For Women’s History Month, we’re talking a lot about the importance of finding a supportive community. Are there any communities or resources that have been a part of your journey? 

Female philanthropists like Melinda Gates and Sheryl WuDunn are my heroes for the incredible work they’ve done in women’s empowerment and advocacy. As a mother of five daughters, their work really hits home for me. 

I’ve also found a lot of value from regular coaching and networking with other female entrepreneurs in collaboration groups and coaching programs. Last year I joined a national coaching program called Strategic Coach that I look forward to every quarter because I always come back with new tools and ideas from the discussion among other entrepreneurs. 

I’m also part of our local Young Presidents’ Organization (YPO). Those that are a part of YPO can attest just how helpful and therapeutic it is to have monthly meetups with other entrepreneurs in an intimate setting to discuss the highs and lows of being an entrepreneur and having a network of friends who are there to support you in your business and becoming your best self. 

What challenges do you feel are unique to women business owners?

I feel like the same challenges that drive women to become business owners are also what make us strongest. For example, when women become mothers, 48% of them are driven to take lower paying part-time work, which contributes to the gender pay gap. Despite equal pay legislation dating back 50 years, American women still earn 18% less than their male counterparts. And research estimates that the motherhood wage penalty is between 6 percent and 15 percent per child. The solution for many women to be paid what they should be worth is to take freelance and consulting work, or to start their own businesses where they learn to hustle, pivot, problem-solve, and succeed! 

What are your proudest moments? 

I'm most proud of leading our company's social impact mission to end period poverty globally. Since Saalt's launch in 2018, we've donated over 50,000 period cups and underwear in 50+ countries to provide long-term, sustainable solutions that keep girls in school and allow women to provide for their families with dignity. But we haven't stopped there. We also help fund educational scholarships for girls and employment opportunities for women to maximize our efforts to change the world by empowering individuals. Growing up, I always dreamed of making a tangible impact to improve the world, and it's been so fulfilling to make that dream a reality by embracing the B Corp model of using our business as a source for good through our 2% give-back mission.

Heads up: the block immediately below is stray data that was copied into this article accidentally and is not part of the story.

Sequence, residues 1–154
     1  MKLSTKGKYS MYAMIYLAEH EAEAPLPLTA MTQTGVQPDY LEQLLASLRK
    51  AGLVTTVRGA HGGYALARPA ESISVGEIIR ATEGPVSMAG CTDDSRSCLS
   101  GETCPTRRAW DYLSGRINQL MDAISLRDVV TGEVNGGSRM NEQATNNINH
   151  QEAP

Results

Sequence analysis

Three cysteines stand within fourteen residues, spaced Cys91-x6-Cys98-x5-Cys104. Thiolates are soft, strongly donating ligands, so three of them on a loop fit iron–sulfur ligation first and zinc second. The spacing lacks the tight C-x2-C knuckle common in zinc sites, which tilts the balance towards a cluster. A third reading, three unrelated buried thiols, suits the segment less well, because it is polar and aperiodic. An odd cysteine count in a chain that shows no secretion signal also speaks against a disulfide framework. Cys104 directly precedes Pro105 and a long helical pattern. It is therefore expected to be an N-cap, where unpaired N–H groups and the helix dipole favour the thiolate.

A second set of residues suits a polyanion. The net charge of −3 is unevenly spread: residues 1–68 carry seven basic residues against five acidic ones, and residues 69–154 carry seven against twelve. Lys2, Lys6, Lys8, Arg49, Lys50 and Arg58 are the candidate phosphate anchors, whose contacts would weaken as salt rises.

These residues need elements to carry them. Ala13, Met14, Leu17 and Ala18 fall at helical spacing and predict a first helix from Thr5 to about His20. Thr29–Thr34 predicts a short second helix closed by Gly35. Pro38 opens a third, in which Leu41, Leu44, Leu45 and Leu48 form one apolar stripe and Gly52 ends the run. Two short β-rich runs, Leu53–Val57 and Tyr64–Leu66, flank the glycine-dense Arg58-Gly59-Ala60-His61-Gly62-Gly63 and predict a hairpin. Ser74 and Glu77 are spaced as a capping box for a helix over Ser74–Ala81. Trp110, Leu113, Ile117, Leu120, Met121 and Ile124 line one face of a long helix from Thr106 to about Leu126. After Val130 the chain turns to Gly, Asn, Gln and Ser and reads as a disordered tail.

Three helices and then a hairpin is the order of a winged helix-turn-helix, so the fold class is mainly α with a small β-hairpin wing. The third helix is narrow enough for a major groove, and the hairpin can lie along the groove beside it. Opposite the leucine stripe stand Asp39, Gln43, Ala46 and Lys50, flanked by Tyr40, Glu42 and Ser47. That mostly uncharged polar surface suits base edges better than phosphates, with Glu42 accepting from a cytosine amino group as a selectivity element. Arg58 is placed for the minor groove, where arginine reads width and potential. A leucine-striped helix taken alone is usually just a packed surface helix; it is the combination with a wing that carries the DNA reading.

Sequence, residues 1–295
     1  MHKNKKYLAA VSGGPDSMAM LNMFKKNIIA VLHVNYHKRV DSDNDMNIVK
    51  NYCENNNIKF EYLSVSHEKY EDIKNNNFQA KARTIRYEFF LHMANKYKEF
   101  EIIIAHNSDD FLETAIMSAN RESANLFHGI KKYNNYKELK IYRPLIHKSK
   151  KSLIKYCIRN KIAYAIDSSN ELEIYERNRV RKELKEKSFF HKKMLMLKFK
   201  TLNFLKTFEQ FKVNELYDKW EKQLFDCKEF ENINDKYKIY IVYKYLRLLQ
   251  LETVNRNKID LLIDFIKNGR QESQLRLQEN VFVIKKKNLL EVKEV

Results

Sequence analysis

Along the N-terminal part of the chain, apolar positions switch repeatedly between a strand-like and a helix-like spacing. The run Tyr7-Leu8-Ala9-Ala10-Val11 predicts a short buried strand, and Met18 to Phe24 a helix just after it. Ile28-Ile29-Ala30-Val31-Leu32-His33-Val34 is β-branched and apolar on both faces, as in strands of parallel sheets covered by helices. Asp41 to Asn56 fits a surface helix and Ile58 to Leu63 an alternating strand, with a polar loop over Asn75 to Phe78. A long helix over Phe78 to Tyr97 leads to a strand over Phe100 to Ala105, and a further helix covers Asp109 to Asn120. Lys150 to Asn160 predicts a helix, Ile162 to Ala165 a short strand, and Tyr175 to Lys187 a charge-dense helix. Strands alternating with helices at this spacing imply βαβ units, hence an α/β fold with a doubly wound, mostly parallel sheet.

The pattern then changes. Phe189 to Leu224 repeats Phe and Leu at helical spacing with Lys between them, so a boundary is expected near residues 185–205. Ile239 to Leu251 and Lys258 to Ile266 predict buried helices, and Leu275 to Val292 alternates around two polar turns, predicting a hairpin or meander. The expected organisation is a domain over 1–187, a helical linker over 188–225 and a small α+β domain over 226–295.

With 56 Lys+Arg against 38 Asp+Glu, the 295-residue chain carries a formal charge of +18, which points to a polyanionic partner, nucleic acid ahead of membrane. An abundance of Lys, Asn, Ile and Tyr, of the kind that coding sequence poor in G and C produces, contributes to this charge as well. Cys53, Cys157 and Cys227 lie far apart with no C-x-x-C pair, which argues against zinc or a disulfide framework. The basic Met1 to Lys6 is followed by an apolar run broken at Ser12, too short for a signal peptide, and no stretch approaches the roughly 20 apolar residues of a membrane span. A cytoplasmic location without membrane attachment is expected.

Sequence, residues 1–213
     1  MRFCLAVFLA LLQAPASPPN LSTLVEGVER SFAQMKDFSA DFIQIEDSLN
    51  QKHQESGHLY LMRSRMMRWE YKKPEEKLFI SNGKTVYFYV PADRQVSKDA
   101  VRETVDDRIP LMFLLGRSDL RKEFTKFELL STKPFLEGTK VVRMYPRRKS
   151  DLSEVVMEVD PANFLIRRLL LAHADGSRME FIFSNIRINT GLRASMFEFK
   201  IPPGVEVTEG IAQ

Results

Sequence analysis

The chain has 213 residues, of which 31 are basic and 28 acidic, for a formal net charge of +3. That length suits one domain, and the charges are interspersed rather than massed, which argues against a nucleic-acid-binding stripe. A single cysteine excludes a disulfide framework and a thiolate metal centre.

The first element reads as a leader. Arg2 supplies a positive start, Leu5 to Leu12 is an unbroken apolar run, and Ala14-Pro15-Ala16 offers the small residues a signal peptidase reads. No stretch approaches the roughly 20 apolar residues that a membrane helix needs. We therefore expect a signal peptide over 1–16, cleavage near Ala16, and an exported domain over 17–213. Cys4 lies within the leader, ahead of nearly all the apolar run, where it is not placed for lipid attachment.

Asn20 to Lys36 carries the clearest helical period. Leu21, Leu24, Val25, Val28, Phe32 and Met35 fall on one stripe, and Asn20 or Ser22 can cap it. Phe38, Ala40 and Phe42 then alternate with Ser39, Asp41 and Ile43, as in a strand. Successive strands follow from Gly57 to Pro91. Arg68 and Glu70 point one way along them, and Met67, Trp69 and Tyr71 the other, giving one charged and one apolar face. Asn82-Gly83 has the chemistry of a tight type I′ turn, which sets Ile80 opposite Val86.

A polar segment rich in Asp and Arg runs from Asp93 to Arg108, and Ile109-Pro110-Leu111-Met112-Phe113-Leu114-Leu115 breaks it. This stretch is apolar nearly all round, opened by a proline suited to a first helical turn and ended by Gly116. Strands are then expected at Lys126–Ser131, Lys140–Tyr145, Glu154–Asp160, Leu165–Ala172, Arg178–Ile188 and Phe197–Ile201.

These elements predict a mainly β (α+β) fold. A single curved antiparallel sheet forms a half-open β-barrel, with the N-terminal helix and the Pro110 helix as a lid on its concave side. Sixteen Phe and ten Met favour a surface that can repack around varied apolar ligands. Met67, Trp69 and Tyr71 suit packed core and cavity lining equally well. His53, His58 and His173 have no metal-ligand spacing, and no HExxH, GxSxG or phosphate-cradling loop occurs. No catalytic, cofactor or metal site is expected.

What are the next big plans you have for your business? 

We’re currently at a 45% growth rate and our business forecast continues to get stronger. Our Saalt cups and discs are being picked up in additional mass retailers this year, and for the first time, our Saalt Wear will be distributed in national stores. In the coming years what you’ll see from Saalt is more innovation in the space with supplemental product offerings that continue to offer our community a fully sustainable period and leak care experience. 

When you’re having a tough day, who or what inspires you to keep going? 

No joke, “life-changing” is the number one phrase we hear every week from our Saalt community — and we never tire of hearing it. The way our products improve lives every day has always driven my passion to keep going, and it continues to do so. 

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It's time to ditch the mom guilt and shift our thinking to what we're doing instead of what we're not doing.

How do you maintain a work/life balance as a small business owner? 

Work-life balance is such a buzz-phrase these days, especially for working mothers. I prefer the term 'work life optimization,' because the concept of achieving absolute balance in all areas of life is an impossible goal. We are so hard on ourselves when we can't do it all. Friends: It's time to ditch the mom guilt and shift our thinking to what we're doing instead of what we're not doing. You simply can’t do everything well — you'll spread yourself too thin trying to balance too many demands. I believe you can achieve great success in a few key areas if you optimize each day to include what’s most important to you during the hustle and grind of starting a business. For me, those areas are my personal growth, health, family, and contribution to the world. So I simply ensure that my morning routine devotes time to each of those areas within the first two hours of my day before diving into work. It’s really a beautiful way to live because when you give time to what's most important to you and your family first, it doesn’t really matter how the rest of your day goes, because you start the day already feeling fulfilled. 

What’s your “power song” and why? 

I’m a big musical theater buff and have too many soundtracks I love to listen to that pump me up, from Newsies to Hairspray, Into the Woods, and Les Miserables. Any of their climatic songs will do!

To learn more about Saalt and support the business, visit their website or check them out on Instagram.